Young people's experiences of individual psychoanalytic psychotherapy
Raval, Hitesh and Lyon, Louise and Bury, Catherine (2010) Young people's experiences of individual psychoanalytic psychotherapy. Psychology and Psychotherapy: Theory, Research and Practice, 80 (1). pp. 79-96. ISSN 1476-0835Full text not yet available from this repository.
Greater emphasis is currently being placed on user involvement in shaping the delivery of mental health services and the need for increasing the evidence base for psychotherapeutic interventions such as individual psychoanalytic psychotherapy (IPP). This qualitative study reports on the range of experiences of six young people aged between 16 and 21 years in undertaking IPP. Interpretative phenomenological analysis was used to develop an in-depth understanding of their experiences. The themes identified the young people's initial expectations and concerns about starting psychotherapy, experiences of learning the ropes of therapy and the process and meaning of ending therapy. The affective relationship with the therapist was of particular importance to the young people concerned. Positive experiences of IPP included being listened to and being accepted, and talking and thinking in depth. The power differentials with respect to being a patient were also evident. The paper concludes by suggesting that paying greater attention to young people's views of psychotherapy may improve their initial engagement and help to develop services in more appropriate ways. Qualitative methodologies provide a useful adjunct to conducting process and outcome research in this context.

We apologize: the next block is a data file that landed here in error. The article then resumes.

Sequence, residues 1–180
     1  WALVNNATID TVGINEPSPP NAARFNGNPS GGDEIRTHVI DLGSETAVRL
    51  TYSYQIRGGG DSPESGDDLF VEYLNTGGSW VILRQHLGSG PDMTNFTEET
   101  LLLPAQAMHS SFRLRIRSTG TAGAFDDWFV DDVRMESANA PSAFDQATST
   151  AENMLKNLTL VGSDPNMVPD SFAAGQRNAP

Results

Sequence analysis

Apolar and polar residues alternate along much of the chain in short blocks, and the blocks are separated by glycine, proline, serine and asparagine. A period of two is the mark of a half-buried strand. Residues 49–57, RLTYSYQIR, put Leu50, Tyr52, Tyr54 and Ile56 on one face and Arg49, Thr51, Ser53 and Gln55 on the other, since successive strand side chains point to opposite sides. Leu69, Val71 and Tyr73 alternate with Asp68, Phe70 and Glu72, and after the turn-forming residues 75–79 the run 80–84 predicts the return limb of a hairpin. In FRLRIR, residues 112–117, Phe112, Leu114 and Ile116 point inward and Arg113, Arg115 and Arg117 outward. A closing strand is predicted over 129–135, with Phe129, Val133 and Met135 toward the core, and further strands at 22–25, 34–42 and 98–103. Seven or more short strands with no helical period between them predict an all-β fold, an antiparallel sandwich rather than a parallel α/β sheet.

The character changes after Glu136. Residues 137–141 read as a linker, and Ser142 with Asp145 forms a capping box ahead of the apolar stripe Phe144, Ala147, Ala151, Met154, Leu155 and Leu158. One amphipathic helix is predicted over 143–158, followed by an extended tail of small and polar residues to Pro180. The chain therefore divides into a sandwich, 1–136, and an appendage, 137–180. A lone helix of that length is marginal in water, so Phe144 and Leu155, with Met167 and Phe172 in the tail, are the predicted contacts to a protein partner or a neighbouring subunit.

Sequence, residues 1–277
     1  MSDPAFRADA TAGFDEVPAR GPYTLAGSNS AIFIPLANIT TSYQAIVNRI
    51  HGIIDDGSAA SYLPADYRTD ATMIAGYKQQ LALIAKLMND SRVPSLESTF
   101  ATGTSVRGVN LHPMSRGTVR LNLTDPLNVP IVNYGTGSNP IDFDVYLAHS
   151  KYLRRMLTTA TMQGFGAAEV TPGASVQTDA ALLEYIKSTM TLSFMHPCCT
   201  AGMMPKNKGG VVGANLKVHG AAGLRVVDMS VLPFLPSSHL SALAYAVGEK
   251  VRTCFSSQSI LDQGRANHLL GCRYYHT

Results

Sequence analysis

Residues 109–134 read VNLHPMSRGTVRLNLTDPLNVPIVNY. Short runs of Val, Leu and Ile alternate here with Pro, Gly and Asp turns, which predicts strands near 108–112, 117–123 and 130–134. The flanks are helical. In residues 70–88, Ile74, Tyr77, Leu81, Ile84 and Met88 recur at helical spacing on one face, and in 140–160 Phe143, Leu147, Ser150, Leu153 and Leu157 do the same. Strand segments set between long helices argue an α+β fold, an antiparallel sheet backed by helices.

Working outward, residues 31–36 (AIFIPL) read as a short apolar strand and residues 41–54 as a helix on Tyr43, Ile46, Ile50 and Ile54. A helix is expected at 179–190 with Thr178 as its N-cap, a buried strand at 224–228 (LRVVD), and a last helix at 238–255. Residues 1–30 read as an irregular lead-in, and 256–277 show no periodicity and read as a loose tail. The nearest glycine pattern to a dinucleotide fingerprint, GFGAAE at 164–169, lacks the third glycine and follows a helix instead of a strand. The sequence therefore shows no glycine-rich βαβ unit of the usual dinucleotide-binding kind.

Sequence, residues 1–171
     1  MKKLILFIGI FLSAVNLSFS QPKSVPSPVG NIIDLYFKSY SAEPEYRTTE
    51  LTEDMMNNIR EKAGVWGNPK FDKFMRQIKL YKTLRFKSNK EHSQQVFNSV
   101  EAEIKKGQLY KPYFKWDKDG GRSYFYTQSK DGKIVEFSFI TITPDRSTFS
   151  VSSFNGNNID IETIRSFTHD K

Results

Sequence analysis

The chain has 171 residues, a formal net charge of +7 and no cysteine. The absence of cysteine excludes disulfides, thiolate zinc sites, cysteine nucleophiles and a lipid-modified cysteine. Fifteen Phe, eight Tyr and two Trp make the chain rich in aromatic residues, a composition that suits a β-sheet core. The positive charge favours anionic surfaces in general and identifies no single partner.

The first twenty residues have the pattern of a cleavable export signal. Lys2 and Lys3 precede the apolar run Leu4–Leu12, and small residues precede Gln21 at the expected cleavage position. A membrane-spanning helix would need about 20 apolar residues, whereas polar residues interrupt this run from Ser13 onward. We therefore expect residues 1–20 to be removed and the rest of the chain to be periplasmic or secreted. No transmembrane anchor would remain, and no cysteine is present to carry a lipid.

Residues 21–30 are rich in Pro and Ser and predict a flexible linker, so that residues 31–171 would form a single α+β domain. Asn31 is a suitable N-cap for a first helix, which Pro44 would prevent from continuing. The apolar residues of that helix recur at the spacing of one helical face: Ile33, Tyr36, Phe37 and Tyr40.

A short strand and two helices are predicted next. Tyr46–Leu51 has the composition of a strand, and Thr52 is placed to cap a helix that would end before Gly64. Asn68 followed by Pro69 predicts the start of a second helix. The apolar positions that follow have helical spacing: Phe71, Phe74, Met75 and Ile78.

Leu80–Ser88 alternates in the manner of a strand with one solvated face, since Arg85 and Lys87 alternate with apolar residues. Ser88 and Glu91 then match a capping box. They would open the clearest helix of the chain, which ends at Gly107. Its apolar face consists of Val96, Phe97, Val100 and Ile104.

|Additional Information:||Article first published online: 24 Dec 2010. Originally published 2007|
|Subjects:||Children, Young People and Developmental Pyschology > Adolescents - Psychotherapy|
|Department/People:||Children, Young Adult and Family Services|
|Depositing User:||Ms Linda Dolben|
|Date Deposited:||01 Mar 2011 16:02|
|Last Modified:||09 Feb 2016 10:28|
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